The government’s latest drive to make existing UK homes energy-efficient should create years of work for architects – if they seize the opportunities
Under the newly announced ‘Warm Homes, Greener Homes’ strategy, the government aims to ‘affordably’ retrofit around seven million private and public homes. The £18 billion initiative, two-thirds of which will be delivered by energy companies, aims to reduce by 20 per cent the total carbon emissions from UK homes by 2020.
Housing minister John Healey said: ‘There is a lot of momentum to change and radically rethink how we track our energy use and refurbish our homes and buildings for the future.’ It is proposed that energy suppliers and local authorities will roll out retrofits street by street, starting in 2012.
Mark Siddall of Devereux Architects said: ‘This has huge potential for architects in terms of creating new work.’ But whether the majority of savings is made from internal or external insulation remains a key issue.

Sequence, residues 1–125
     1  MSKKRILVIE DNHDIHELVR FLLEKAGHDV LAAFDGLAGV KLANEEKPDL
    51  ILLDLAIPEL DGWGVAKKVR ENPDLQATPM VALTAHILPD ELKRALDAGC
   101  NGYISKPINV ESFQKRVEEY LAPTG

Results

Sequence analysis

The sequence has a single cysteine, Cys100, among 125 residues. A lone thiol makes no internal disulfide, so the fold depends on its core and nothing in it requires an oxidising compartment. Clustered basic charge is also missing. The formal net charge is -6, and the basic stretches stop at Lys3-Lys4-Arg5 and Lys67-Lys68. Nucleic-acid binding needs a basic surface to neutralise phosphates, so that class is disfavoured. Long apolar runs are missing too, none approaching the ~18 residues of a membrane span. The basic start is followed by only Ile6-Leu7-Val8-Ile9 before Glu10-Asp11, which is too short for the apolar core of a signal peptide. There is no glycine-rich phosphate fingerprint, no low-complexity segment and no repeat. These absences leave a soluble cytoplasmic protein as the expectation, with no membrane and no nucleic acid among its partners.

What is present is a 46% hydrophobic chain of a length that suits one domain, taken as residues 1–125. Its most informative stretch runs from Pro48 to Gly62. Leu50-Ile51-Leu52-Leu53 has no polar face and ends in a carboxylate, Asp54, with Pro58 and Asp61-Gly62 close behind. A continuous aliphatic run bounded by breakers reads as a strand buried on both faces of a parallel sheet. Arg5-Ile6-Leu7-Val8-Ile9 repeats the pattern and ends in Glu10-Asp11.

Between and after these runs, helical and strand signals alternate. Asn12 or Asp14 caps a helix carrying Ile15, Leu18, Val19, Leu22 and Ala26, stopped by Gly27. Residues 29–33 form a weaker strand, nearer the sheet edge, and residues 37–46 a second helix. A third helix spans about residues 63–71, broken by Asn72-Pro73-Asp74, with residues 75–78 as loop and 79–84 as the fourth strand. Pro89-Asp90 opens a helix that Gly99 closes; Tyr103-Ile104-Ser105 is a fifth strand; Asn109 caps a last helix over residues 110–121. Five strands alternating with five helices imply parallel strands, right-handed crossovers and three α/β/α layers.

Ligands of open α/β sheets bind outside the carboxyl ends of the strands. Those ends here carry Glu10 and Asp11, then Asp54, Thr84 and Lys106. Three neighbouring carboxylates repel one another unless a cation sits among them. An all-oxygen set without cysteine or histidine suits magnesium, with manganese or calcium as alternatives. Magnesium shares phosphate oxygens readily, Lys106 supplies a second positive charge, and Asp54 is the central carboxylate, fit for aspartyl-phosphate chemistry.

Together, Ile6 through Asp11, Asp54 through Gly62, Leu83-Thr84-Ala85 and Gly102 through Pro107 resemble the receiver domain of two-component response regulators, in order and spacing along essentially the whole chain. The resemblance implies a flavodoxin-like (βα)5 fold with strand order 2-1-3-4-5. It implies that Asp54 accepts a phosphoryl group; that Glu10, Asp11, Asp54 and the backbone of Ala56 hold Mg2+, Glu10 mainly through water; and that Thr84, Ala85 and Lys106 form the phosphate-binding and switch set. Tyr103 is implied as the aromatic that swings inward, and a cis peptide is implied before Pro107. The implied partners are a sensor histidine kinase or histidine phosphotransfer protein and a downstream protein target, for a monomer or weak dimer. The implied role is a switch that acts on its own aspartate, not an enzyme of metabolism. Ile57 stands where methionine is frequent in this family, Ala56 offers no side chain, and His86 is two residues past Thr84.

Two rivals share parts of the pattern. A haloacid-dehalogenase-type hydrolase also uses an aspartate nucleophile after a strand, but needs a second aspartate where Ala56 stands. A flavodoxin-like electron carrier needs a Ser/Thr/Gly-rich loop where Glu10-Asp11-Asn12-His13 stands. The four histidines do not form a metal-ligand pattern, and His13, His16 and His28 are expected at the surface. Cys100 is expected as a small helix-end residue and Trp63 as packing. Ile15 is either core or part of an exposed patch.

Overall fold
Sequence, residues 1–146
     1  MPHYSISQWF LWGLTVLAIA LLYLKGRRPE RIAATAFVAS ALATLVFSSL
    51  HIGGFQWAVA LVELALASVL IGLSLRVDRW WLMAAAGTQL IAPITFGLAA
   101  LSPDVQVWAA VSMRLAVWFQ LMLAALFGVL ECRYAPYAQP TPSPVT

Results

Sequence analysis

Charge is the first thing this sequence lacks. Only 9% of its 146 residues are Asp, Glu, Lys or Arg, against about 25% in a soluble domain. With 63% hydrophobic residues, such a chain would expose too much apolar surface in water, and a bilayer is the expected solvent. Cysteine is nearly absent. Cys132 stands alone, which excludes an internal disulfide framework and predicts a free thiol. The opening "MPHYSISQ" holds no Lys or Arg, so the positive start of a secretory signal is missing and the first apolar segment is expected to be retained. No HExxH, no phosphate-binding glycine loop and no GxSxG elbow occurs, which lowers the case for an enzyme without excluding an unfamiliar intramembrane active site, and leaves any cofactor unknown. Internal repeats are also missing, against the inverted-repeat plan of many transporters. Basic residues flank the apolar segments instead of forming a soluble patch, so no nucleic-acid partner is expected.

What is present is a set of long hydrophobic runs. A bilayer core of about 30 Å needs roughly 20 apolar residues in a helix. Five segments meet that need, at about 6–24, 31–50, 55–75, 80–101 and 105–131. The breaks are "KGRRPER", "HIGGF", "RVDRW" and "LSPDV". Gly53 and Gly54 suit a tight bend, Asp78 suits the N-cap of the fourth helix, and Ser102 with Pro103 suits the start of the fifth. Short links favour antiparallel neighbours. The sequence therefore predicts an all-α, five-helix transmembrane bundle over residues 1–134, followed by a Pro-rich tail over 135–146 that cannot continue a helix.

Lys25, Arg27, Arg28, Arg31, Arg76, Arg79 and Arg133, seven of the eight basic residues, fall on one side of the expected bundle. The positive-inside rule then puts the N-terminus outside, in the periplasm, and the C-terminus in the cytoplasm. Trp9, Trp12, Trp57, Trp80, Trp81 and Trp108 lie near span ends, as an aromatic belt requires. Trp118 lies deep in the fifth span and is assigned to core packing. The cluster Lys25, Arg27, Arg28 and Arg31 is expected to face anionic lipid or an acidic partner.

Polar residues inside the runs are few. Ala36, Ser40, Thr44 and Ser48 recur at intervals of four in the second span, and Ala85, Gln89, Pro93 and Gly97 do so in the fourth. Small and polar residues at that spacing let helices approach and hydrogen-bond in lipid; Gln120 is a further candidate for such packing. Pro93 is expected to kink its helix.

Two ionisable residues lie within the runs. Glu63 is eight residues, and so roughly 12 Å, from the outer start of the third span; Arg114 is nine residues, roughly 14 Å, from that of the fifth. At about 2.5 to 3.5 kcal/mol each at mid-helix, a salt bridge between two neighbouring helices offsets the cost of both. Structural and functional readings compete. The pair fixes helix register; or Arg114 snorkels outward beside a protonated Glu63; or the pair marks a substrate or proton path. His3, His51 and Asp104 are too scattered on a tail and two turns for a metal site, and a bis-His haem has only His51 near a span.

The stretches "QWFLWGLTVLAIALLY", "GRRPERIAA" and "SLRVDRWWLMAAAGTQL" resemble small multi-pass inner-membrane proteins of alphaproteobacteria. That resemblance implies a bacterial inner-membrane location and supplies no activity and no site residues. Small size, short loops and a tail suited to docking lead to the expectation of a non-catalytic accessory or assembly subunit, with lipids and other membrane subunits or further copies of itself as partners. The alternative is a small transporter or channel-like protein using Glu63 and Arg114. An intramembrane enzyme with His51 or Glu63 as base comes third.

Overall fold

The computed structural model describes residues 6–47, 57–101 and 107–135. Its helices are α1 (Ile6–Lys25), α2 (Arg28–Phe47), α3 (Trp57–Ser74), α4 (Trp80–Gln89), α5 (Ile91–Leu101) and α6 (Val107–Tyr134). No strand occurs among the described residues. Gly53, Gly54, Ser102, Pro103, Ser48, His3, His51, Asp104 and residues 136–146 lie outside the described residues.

Siddall added: ‘We’re going with the external insulation approach. It’s the least inconvenient to the building occupiers and from a building physics approach it offers the least risk in terms of mould growth.’
However, because external insulation alters the physical appearance of buildings, it could meet planning objections if applied wholesale.
‘It’s the way forward, definitely,’ said Justin Underwood of Just Facades. ‘External overcladding has many benefits. Primarily, it does not eat into the more valuable building interior.’
Last month, CABE chairman Paul Finch said at a meeting of the AJ100 Breakfast Club: ‘There are more than 25 million homes in Britain… If we retrofit 4,000 homes per week, it would give us 30 years worth of work.’
Charlie Baker of Urbed on the challenges of retrofitting
‘If we miss the target of 80 per cent less CO2 by 2050, what will be the use of all that architecture? Finding retrofitting solutions isarchitecture – solving problems in such a way that we don’t create others while doing so. Take housing. External insulation is the most effective, but has issues. The architecture is fundamentally changed, or could be, or maybe should be, depending on the place. Architects need to become better at working with wider teams. This should be done as efficiently as possible as we’re talking about spending billions to get all 25 million homes done.’